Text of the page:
Leaving not losing – rights, freedoms and equalities in the Brexit bill
Britain is withdrawing from the EU and it’s time to get serious about what that means in terms of how and what we chose to keep when we leave.
As you’d expect, maintaining people’s rights and freedoms throughout this process is Amnesty’s priority. Ahead of the Second Reading of the Brexit bill this Thursday, there are three fundamental issues both Amnesty and Liberty, who we’re working closely with, would like MPs to focus on:
- the vast powers granted to ministers;
- the lack of safeguards to stop those or any other Brexit laws being used to roll-back rights and equality protections;
- the rights that individuals in Britain will no longer have access to.
We must be vigilant
It’s fair to say that the government will need decent wiggle room to turn EU law into British law, so the idea of granting them additional powers is understandable. But in matters where constitutional powers are transferred to the ministers at the top of government and away from Parliament, we must be extremely vigilant.
The wording of the ‘delegated powers’ themselves should be cause for concern for any MP or Peer. They give ministers powers to change laws using secondary legislation in the broadest possible terms, often undefined, including to “prevent, remedy or mitigate” a “failure” of EU laws Britain keeps to “operate effectively”. Given such powers are barely scrutinised, are hard to amend and that there will be thousands, there is no doubt that we need more safeguards in the bill.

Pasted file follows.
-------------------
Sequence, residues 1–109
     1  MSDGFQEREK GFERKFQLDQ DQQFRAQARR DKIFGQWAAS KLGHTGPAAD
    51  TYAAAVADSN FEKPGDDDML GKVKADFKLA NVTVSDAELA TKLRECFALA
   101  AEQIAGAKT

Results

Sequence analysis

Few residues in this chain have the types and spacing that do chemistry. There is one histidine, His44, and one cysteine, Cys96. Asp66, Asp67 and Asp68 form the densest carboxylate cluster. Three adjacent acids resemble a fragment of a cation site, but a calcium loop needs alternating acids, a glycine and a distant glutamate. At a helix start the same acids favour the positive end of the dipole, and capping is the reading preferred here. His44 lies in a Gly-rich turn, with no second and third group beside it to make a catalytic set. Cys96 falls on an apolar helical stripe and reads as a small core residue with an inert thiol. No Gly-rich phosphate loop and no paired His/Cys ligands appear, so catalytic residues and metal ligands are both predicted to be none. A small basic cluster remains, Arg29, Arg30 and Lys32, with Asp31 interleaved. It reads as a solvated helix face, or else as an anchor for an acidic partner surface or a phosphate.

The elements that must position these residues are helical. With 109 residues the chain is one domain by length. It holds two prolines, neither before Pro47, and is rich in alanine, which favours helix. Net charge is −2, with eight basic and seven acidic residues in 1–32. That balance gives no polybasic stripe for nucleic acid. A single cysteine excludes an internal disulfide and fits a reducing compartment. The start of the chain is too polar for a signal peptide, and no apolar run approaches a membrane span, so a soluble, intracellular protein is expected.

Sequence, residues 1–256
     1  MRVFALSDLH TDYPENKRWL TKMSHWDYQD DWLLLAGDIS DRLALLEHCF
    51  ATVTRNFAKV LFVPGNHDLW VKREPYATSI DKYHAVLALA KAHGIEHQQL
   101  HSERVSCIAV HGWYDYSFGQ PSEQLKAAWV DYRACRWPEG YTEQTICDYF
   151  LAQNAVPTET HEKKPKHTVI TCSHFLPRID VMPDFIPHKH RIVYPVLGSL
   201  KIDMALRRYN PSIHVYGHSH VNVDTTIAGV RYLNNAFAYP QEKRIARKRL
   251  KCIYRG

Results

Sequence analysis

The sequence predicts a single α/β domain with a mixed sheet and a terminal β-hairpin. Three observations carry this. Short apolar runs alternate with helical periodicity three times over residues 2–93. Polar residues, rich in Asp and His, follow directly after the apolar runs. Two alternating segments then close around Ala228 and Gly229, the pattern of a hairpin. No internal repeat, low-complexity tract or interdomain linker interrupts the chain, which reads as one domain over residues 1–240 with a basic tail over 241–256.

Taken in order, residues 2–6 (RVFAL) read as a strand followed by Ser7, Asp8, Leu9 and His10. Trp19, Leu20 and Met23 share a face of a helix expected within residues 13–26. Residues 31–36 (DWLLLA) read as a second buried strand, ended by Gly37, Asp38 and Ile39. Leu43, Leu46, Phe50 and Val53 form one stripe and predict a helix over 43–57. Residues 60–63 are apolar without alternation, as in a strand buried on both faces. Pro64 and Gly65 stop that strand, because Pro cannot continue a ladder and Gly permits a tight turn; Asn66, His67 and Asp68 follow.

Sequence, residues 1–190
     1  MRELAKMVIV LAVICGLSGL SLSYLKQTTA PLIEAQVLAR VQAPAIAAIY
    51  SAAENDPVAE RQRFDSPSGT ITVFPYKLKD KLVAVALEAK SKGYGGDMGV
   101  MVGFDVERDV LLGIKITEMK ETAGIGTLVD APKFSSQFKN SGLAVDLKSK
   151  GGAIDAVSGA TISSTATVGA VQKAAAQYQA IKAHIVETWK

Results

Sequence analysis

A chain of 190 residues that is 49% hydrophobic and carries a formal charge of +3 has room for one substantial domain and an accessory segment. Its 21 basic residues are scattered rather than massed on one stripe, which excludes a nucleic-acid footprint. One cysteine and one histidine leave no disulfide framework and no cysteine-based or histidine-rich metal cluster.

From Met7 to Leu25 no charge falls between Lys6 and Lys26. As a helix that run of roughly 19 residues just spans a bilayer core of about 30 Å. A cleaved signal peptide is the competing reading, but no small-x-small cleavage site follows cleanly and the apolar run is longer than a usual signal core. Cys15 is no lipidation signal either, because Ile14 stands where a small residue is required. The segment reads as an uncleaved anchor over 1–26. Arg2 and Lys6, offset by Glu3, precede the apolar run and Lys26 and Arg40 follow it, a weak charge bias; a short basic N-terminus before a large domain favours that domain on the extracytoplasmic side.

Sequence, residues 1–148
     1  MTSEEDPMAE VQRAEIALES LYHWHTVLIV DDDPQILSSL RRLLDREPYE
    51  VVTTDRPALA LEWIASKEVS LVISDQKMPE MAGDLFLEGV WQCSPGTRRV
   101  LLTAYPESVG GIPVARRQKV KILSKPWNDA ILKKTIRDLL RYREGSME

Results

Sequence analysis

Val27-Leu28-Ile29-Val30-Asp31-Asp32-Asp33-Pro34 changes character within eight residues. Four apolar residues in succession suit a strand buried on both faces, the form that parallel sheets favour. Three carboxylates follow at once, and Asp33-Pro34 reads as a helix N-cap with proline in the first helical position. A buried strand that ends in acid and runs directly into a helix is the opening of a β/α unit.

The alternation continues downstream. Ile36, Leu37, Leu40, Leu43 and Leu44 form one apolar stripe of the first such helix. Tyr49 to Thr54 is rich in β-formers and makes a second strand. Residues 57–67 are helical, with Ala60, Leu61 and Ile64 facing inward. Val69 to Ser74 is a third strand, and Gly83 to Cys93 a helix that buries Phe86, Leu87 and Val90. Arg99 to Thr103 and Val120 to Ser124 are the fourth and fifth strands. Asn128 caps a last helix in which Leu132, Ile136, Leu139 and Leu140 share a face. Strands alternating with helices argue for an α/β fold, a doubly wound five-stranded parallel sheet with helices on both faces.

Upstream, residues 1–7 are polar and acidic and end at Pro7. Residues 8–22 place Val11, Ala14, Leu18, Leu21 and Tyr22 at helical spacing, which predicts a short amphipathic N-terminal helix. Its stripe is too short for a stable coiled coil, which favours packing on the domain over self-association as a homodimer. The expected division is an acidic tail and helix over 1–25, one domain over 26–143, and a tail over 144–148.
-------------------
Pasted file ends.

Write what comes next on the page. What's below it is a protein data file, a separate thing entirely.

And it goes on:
Beyond the Human Rights Act
The government seems to recognise that point in the bill, since it’s got a safeguard to prevent new powers being used to increase taxation, but the same commitment isn’t made to ensuring no roll-back of rights. Amending the Human Rights Act (HRA) itself is ruled out but not all our rights are wrapped up in just the HRA – there are lots of equality laws and more detailed protections elsewhere too. That’s why Amnesty and Liberty would like an amendment explicitly ruling out the roll back of rights using new powers.
Then there is the choice about what we bring over into domestic law, referred to by the government as ‘retained EU law’. The bill seeks to bring over most EU legislation into UK law with one glaring exception: the Fundamental Charter of Human Rights. This is explicitly ruled out in the bill, leaving us with just the General Principles which came before the charter.
Enjoying hard-won rights
We are not convinced the principles will cover everything the charter does, but this is actually eclipsed by another problem – the bill rules out the principles being relied on to go court. So making challenges about accessing data collected on you, which stem from the charter and underlying principles, won’t be possible.
Nor will cases like that of John Walker, who won his case at the UK’s Supreme Court, using the principles of non-discrimination and equality, for LGBTI couples to be granted the same pension rights as heterosexual couples.
These are all huge constitutional changes that affect our rights, freedoms and equalities. We’re urging parliamentarians at the bill’s second reading on Thursday to raise these issues so that safeguards can be added by the government.
Only this will ensure the hard-won rights people enjoy today will be the same on the day Britain leaves the EU.
Our blogs are written by Amnesty International staff, volunteers and other interested individuals, to encourage debate around human rights issues. They do not necessarily represent the views of Amnesty International.